• No Rules For Me = you might not mean to hurt anybody, but it’s almost inevitable that people end up getting hurt anyway.

- Low trust. If your trust levels are low, you will tend to act in ways that trigger less trustworthy behaviors in others — such as acting suspicious and controlling. You’re also much more likely to love by (temporarily) dropping your boundaries and idealizing your mate — making you a magnet for leeches.

Incompetent

- Poor relationship track record. If you have a history of bad relationships, wake up! What those people all have in common is… you! You picked them, you stayed with them, you contributed to the problems in some way or those problems wouldn’t keep recurring.

Stop blaming other people, which doesn’t fix anything. Stop doing more of what you did before, harder — you already proved that doesn’t work. Instead, take your track record as evidence that your relationship skills stink, and fix them.

Some good dating and relationship coaches on the Internet have helpful free email newsletters to get you started. My personal favorite is Mirabelle Summers at MeetYourSweet.com. (You’ll find more links in the Resources section.)

- Poor social skills. People with lousy social skills attract fewer prospects and partners. They are more likely to feel desperate, and lower their expectations and standards so they can get partners. These factors make them more vulnerable to leeches, and more likely to attract them.

When you improve your social skills and become a better partner, you attract more and better partners. With plenty of good choices, you won’t feel tempted to settle for a leech. (The free newsletters mentioned in the previous bullet point can help you improve your social skills and attract more people to you.)

- Lack of social network and support. The more isolated someone is, the easier they are to abuse.

- Lacking a thriving life of your own. If you “need” a partner to feel good, a leech can use that to manipulate you. If your life is already great, then if the leech causes problems, you can go back to your other activities, friends, and partners and your quality of life will improve.

Part 7: How to close gaps in your “spam filters”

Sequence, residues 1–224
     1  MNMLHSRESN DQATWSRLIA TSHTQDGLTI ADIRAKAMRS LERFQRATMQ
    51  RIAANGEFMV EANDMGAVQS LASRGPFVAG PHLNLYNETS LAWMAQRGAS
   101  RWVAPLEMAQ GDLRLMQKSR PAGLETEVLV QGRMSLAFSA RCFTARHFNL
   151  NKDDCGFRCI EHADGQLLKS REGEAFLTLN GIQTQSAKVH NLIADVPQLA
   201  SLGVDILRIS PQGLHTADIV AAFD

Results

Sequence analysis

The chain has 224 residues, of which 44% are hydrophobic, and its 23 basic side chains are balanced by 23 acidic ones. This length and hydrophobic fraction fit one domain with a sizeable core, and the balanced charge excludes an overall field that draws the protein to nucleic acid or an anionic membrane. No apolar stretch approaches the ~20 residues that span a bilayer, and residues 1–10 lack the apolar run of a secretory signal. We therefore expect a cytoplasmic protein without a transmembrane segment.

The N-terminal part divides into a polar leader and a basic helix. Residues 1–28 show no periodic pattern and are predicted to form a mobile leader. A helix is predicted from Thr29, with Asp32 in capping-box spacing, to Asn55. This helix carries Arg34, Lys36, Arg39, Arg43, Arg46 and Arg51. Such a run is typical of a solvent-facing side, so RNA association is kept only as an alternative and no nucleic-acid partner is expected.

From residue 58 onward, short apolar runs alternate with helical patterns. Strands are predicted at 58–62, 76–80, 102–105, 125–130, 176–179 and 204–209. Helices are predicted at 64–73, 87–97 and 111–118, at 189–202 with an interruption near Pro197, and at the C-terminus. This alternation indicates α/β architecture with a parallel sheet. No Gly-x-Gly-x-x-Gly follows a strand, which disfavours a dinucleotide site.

How do you handle those times when you do get burned, or a history of getting burned repeatedly, to minimize the likelihood you’ll get burned in the future?

I tune my own “spam filters” by analyzing relationships for clues about what I did that caused problems, helped me avoid them, or led to a great relationship or interaction. Here’s how I do it.

How to analyze problems and failures

When you’re analyzing an interaction or relationship that went wrong, or a problem that developed with someone, ask yourself two questions:

  1. “What were the earliest warning signs which, if I had known they were warning signs, would have let me know this person would be a problem for me?” These are often fairly subtle — or at least they’re subtle to you, or you would have noticed them. Sometimes the person did or revealed something that was a blatant sign of trouble to come, but because you didn’t know it signaled trouble, it didn’t help you.
  2. “What did I do that contributed to the problem?” Sometimes all you did was not recognize a problem right away. More often, you did (or failed to do) something that you can change to prevent problems in the future. For instance, you ignored your gut feelings, didn’t make your boundaries clear, or kept seeing the leech even after they violated your boundaries or standards.

Doing this analysis will teach you what not to do in the future, so you can avoid problems.

How to analyze successes and triumphs

Make sure you also analyze interactions and relationships that go well. These will teach you what to do, what kinds of people to look for, and how to know when you find a good one. The analysis is very similar. Ask yourself:

  1. “What were the earliest signs which, if I had known they were signs, would have told me this person would be good or great to interact with?” Again, these are often subtle, or things you tend to not notice.
  2. “What did I do that contributed to this success?”

Success can be tricky to analyze. It’s easy to overlook success factors, especially if they’re subtle. It’s also easy to attribute success to factors A and B when actually factors C and D made it happen. So once you have figured out what you think helped you succeed, try doing more of it and see whether it works. Also notice what results you get when you don’t do it.